Impaired compensation for mechanical loads in a patient with hemiballismus following stroke

D. Flament*, K. M. Shannon, I. Neyman, J. J. Nicholas, D. M. Corcos

*Corresponding author for this work

Research output: Contribution to journalArticlepeer-review


Flexion movements of the wrist were studied in a patient who showed signs of hemiballismus following a unilateral infarction, which damaged the region neighboring the subthalamic nucleus. The experiments were designed to test whether a lesion of this nature impairs load compensation and, specifically, whether antagonist activity can be appropriately suppressed when initiating a movement. The latency between movement onset and agonist EMG onset changed from the normal relationship where agonist onset precedes movement to one where agonist onset followed movement when an extensor load was placed on the affected limb. This was found to result from the inability to inhibit tonic activity in the antagonist and simultaneously activate the agonist muscle. The results suggest that the indirect pathway through the basal ganglia may be necessary to compensate for mechanical loads and to suppress antagonist activity when a movement is initiated.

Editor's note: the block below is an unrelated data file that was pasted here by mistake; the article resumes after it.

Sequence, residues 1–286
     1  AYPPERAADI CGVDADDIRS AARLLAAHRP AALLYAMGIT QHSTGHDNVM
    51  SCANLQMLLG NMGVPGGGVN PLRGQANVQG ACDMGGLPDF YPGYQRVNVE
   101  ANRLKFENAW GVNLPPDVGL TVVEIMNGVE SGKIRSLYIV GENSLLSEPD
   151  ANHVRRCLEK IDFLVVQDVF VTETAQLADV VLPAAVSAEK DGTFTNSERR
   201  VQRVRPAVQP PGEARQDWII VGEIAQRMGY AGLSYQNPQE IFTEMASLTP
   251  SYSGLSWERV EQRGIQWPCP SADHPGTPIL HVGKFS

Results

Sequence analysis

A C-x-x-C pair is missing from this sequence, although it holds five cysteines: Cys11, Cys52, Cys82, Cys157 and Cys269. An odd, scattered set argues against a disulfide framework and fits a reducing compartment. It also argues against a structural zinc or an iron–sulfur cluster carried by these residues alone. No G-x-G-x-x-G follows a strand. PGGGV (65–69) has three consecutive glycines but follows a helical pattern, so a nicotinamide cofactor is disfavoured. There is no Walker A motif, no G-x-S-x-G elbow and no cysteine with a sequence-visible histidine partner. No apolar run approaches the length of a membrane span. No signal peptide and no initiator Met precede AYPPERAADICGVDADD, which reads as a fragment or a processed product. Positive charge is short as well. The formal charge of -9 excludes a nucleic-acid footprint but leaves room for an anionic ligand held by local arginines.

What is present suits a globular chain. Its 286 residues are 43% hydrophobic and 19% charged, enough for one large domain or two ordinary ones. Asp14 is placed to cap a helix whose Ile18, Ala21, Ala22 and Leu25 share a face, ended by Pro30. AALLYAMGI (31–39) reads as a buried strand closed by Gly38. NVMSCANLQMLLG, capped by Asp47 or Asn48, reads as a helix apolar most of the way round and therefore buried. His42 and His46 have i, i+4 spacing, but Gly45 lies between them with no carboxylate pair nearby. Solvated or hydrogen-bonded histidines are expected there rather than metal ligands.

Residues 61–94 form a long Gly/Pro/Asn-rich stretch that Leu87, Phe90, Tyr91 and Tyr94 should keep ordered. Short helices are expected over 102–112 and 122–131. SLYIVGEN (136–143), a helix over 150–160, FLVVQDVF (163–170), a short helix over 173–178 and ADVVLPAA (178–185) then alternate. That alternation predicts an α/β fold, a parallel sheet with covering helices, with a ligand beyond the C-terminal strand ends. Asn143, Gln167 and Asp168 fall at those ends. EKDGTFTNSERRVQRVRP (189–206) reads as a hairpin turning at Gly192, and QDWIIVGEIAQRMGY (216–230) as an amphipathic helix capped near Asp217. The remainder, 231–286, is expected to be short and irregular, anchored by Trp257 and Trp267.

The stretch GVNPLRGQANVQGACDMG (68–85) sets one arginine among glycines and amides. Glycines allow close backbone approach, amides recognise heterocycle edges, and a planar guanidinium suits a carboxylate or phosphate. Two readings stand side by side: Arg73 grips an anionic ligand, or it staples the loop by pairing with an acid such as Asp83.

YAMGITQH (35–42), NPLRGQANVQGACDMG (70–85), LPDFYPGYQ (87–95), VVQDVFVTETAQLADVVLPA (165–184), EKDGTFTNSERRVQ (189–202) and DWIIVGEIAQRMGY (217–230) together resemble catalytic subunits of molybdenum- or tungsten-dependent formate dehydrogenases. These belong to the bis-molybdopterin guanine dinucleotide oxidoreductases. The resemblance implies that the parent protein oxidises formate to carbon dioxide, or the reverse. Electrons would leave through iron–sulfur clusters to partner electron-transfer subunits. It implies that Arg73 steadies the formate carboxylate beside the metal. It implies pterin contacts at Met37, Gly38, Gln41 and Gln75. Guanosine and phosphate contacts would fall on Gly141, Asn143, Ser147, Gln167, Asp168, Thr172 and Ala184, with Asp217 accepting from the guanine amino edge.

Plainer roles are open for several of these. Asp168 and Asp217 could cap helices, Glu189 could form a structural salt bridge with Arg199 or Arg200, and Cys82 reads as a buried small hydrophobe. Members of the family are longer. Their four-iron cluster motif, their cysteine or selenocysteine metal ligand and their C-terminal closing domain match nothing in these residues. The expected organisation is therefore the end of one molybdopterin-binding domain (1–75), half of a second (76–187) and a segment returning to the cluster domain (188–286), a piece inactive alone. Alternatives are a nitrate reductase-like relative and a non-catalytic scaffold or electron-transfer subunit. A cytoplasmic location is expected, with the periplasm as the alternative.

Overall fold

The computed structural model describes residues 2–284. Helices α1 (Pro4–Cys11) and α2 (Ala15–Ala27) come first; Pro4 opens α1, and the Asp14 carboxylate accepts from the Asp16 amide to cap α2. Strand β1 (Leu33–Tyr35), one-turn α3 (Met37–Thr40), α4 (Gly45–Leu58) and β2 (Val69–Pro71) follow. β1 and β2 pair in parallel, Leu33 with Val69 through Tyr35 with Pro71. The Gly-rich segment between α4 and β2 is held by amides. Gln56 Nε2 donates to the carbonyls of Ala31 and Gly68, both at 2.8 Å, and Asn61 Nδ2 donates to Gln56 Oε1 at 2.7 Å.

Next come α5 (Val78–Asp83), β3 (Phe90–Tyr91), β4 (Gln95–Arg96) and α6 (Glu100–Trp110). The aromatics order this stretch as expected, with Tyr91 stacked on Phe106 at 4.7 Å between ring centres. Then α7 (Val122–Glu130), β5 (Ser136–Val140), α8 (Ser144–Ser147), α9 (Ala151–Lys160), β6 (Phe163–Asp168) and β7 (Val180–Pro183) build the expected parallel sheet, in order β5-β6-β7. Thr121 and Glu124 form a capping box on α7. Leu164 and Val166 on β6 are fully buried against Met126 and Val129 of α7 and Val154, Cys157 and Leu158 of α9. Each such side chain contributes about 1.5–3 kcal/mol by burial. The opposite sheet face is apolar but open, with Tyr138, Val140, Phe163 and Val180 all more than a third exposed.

Original languageEnglish (US)
Pages (from-to)49-56
Number of pages8
JournalParkinsonism and Related Disorders
Issue number1
StatePublished - Jan 2000


  • EMG
  • Hemiballismus
  • Load compensation
  • Stroke

ASJC Scopus subject areas

  • Geriatrics and Gerontology
  • Clinical Neurology
  • Neurology


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